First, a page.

On today’s Daily Reaction, we have a very special guest, Youness ‘KaKaRoTo’ Alaoui, developer of the first “Modified Firmware” for the PlayStation 3, to help us discuss the news that the PS3 has once again been hacked. Should the hackers have worked on finding the keys as it’s their device, or should they have expected the leak? And what does the hack really mean for Sony? Seb, Dan and Youness discuss.
Disclaimer: KaKaRoTo was not involved in the current hack or CFW.
Seb: I’d like to think that I’ve been pretty open minded about hacking in previous interviews I’ve held, but you have to wonder what ‘The Three Musketeers’ were thinking when they shared the keys with other people. You can’t trust anyone on the internet, and it was sadly naive to believe that one of the people they gave it to wouldn’t try to sell it. Now, they’re probably worrying whether Sony is looking for them, preparing to sue them.
I’m all for being able to do what you want with your own technology, you bought it, do what you want with it. But, just like when I buy a pen I shouldn’t pour the ink all over my face, individuals need to be responsible for what they do with the tech. Hack it, crack it, turn it into a toaster, whatever – but if letting people know what you did and how you did it could lead to piracy, then don’t release it, don’t share it.
Youness: There is no denying that there is a part of responsibility in what is being done by the hackers, but to be honest, you can’t really predict what will happen in the future, and you can’t be responsible for what others do. Don’t forget that this release of the lv0 keys doesn’t add such a huge advantage to the hacking community, but the keys were never meant to be released, because it was still somehow opening up potential piracy which is something the true hackers are absolutely against. The secret of the keys was well guarded, but somehow it got leaked (after many many months), and the reason for the release was to prevent some greedy company (dongle manufacturer) from profiting from the piracy it could have enabled. In the end, it happened, it’s unfortunate, but I wouldn’t sweat (or rejoice) too much over it. The release wasn’t about the fame or the “being first”, it was about countering an immoral act.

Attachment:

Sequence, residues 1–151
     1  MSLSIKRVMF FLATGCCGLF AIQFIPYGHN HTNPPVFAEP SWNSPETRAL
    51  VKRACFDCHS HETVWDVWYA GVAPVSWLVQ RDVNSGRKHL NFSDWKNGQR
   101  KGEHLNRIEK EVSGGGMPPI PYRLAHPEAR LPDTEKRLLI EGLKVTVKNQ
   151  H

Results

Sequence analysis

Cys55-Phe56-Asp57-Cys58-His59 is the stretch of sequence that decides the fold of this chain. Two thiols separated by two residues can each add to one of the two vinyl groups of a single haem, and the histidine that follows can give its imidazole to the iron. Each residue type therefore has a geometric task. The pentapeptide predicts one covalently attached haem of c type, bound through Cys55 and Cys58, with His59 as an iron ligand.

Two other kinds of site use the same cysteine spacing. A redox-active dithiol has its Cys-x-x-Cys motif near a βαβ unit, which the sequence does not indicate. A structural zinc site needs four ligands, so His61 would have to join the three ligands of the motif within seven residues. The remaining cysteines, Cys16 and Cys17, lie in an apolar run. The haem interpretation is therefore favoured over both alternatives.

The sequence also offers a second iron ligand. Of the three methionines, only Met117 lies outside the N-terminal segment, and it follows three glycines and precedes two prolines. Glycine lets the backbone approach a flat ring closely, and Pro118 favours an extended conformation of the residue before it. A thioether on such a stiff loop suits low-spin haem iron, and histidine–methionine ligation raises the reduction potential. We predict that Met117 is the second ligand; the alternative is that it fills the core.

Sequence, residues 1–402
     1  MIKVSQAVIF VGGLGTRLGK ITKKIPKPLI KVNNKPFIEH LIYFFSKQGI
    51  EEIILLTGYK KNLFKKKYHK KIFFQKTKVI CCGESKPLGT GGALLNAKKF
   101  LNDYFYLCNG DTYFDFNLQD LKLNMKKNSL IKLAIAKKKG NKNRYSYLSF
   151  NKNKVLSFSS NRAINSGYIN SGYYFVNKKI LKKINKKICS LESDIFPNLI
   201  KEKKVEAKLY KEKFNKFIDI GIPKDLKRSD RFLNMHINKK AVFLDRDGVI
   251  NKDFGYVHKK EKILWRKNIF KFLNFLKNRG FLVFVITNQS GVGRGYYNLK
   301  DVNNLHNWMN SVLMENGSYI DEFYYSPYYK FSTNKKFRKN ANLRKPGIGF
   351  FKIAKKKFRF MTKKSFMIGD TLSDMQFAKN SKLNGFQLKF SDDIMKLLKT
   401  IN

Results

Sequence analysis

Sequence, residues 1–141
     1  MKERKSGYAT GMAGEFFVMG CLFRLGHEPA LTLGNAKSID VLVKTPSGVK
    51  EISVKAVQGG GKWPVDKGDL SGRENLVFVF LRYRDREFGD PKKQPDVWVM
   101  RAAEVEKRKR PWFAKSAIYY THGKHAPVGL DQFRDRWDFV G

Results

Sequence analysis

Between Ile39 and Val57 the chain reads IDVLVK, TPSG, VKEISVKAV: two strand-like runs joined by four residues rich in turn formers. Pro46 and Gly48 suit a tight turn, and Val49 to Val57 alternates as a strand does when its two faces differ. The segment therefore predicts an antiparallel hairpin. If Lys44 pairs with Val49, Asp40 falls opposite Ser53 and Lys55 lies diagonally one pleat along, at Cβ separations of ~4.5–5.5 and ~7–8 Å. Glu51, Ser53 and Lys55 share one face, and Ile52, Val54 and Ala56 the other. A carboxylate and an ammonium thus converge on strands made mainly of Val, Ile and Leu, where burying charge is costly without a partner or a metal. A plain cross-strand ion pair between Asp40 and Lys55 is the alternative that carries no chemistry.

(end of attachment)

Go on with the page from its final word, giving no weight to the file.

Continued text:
Dan: Even though there is much debate about what rights consumers have regarding what they are able to do with the products they purchase, the ability to do something does not always give a free pass to the action. As such with the release of the keys, the ability to break into a device you own is, in my opinion, very much your right, but the knowledge and ramifications of the information become that person’s liability. As it would be for someone who owns a car and decides to modify it, if it became unsafe to be around, the responsibility would fall on its owner.
With all that said, the problems that fell on Sony in the wake of the eventual hacks are something that will be remembered forever. The cost to Sony, and their consumers, is not something that will likely ever be measured. So is there a point where the ability to do something does not outweigh the potential ramifications?
Youness: Well, of course, the ability to do something does not give you a free pass to do it. However doesn’t that go both ways? The ability to remove Linux from the PS3 does not give Sony the right to do it, and in the end, when you look at the facts, that’s what initiated the whole thing. There is always a need for a moral compass. Sometimes it’s about whether or not the benefits outweigh the negatives, but sometimes there are some undeniable rights that cannot be tossed out the window. As an example, you can’t remove freedom of expression of the press if you think it might cause a civil war… Yes, the benefits (freedom of expression) do not outweigh the negatives (potential death of a population), but it doesn’t mean you can suddenly silence everyone and use that as an excuse. The car example that Dan gave is a good one, and sure, you can mod your car all you want, as long as you don’t take it on the road from the moment it doesn’t pass regulations.
What I am mostly angry about is when I see people playing the “devil’s advocate” thinking about the loss to Sony, loss from piracy, and loss from emulators and homebrew. I do want to see them complaining about all those things, as long as I see them also complain about the loss to the consumer. Loss of Linux support (which comes with loss of your data), loss of the right to class action sue, loss of hundreds of games legally bought online because “your account was banned”, loss of your game collection when your PS3 goes for repair and suddenly gets replaced by an inferior model that doesn’t have backward compatibility, loss of money after being forced to buy the same game multiple times. Why isn’t anyone complaining about those issues just as hard as they complain about piracy and homebrew. Both, in my eyes should be defended equally, don’t you agree?